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Is Bruce Lee really the ‘father of mixed martial arts’? UFC president Dana White thinks so – but is he right?

South China Morning Post logo South China Morning Post 20/7/2020 Douglas Parkes douglas.parkes@scmp.com
Bruce Lee holding his hand up: Bruce Lee's fighting philosophy resonates with modern MMA. Photo: Criterion Collection. Bruce Lee's fighting philosophy resonates with modern MMA. Photo: Criterion Collection.

Bruce Lee is famous for many things. For his innovative kung fu films like Enter the Dragon and Fist of Fury, for his philosophy " collected in the book Tao of Jeet Kune Do " that advises people to "be water", for becoming the first global Asian movie star, and for his tragic passing at the age of just 33.

With his synthesis of different fighting styles it is arguable that Bruce Lee deserves to be recognised for inventing mixed martial arts (MMA). Not for nothing did Dana White, president of Ultimate Fighting Championship (UFC), the largest MMA promotion company in the world, once declare that Bruce Lee was the "father of mixed martial arts".

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Explaining what is required to excel at MMA, White said: "You've got to cross-train in many different systems ... If you look at the way Bruce Lee trained, the way he fought, and many of the things he wrote, he said the perfect style was no style. You take a little something from everything. You take the good things from every different discipline, use what works, and you throw the rest away."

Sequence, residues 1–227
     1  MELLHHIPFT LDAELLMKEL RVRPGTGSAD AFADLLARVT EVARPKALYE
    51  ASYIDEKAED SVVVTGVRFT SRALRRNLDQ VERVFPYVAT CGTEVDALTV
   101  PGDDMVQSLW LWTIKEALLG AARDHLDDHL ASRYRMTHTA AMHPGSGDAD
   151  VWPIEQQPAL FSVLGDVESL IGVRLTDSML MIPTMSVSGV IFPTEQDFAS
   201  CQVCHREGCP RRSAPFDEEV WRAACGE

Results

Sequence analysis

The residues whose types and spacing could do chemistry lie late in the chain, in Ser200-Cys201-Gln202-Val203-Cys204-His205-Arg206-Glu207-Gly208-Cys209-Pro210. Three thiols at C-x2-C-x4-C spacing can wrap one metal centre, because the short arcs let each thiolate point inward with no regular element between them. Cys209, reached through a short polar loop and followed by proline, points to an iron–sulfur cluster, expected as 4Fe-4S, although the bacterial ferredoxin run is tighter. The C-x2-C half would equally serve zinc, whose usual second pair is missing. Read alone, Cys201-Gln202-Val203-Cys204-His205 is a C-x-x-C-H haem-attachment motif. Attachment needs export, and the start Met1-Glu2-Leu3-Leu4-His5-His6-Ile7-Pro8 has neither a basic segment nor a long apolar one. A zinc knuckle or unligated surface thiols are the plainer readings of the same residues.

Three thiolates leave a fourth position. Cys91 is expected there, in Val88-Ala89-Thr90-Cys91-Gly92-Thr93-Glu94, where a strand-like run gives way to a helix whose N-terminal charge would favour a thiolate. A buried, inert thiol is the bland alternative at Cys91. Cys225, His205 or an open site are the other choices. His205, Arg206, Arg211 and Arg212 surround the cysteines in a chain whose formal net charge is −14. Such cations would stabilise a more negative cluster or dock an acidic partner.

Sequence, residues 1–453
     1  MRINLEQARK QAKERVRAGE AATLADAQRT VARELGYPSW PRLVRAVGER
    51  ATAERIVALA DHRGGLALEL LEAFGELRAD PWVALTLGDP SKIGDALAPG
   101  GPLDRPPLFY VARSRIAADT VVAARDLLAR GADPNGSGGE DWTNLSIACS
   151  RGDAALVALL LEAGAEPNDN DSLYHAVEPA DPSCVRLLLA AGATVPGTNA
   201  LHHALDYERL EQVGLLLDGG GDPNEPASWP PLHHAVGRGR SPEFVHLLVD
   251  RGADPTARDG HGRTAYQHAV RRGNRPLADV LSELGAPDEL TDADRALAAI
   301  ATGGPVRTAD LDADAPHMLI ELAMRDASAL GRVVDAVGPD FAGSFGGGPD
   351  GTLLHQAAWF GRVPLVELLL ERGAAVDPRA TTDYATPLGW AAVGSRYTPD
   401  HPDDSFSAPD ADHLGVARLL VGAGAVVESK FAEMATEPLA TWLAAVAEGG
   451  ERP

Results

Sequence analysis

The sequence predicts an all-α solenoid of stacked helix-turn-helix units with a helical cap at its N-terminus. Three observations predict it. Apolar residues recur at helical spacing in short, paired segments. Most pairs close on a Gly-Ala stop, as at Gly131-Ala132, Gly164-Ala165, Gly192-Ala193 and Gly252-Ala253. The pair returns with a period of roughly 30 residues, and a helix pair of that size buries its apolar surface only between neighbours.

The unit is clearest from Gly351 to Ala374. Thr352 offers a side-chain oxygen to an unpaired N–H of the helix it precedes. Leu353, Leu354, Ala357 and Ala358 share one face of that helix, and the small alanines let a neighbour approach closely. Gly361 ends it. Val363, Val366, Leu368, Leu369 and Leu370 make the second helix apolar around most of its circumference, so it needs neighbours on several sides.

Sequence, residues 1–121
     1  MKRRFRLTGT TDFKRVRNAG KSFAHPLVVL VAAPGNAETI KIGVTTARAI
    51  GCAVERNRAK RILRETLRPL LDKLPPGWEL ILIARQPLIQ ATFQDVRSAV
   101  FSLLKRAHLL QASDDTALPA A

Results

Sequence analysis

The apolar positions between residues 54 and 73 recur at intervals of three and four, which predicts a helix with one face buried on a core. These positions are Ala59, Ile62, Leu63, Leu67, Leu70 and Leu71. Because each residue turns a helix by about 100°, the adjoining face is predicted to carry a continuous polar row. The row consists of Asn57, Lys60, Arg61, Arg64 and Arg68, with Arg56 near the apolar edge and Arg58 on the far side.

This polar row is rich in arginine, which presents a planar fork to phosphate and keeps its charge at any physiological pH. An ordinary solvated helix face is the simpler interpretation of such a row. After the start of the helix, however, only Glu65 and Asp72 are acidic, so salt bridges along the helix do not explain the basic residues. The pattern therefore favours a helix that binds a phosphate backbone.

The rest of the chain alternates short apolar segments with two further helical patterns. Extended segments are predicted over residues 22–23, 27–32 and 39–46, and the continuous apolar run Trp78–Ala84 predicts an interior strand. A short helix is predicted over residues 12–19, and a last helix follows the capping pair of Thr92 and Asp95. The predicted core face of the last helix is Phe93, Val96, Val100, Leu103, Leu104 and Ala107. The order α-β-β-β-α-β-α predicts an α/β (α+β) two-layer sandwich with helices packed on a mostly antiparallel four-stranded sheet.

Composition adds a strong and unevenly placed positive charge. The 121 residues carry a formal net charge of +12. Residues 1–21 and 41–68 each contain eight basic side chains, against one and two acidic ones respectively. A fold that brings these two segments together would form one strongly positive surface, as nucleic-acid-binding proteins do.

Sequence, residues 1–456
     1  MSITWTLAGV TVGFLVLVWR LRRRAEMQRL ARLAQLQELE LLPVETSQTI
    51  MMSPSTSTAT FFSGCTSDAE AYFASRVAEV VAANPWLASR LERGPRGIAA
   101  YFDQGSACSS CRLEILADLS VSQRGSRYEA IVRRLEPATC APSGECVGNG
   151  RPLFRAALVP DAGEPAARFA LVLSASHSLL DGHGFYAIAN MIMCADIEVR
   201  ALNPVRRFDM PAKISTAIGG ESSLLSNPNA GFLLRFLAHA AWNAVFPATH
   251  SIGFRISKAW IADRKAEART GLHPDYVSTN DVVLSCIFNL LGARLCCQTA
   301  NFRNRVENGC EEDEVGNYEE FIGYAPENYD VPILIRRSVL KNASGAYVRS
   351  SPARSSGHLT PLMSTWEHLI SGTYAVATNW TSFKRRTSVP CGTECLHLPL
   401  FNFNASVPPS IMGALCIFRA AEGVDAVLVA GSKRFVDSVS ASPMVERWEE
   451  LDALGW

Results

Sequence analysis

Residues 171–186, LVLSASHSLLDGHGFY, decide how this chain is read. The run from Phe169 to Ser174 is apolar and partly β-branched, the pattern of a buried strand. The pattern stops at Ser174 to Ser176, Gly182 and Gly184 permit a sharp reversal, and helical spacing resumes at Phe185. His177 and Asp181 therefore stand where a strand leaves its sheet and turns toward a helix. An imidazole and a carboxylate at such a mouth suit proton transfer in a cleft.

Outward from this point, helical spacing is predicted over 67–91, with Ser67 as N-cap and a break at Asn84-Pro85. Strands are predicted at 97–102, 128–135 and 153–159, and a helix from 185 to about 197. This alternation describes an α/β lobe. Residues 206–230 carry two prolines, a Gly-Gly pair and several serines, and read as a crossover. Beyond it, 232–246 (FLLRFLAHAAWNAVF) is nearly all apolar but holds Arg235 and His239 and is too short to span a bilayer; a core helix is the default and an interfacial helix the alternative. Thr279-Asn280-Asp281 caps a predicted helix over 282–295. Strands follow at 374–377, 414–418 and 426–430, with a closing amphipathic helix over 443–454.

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Dana White holding a phone: UFC president Dana White described Bruce Lee as the 'father of mixed martial arts'. Photo: AP © Provided by South China Morning Post UFC president Dana White described Bruce Lee as the 'father of mixed martial arts'. Photo: AP

White was correct in saying that Lee's philosophy was based around no fixed style. It was in Tao of Jeet Kune Do that Lee stated: "There are styles that favour straight lines, then there are styles that favour curved lines and circles. Styles that cling to one partial aspect of combat are in bondage. Jeet Kune Do is a technique for acquiring liberty ... Jeet Kune Do favours formlessness so that it can assume all forms ... (and) uses any technique or means which serves its end. In this art, efficiency is anything that scores."

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This thinking fits in perfectly with MMA's ethos of utilising different styles of fighting rather than, say, just judo or boxing. In Tao of Jeet Kune Do Lee goes on to explain the "weapons" that practitioners can use, which include various grappling holds as well as punches and kicks " not to mention "mental cultivation" such as Zen Buddhism and Taoism, and nutrition. His discussion of grappling was particularly apt given many MMA fights end up on the mat with competitors attempting to enforce the kind of leg and arm manipulations Lee wrote about before his death in 1973.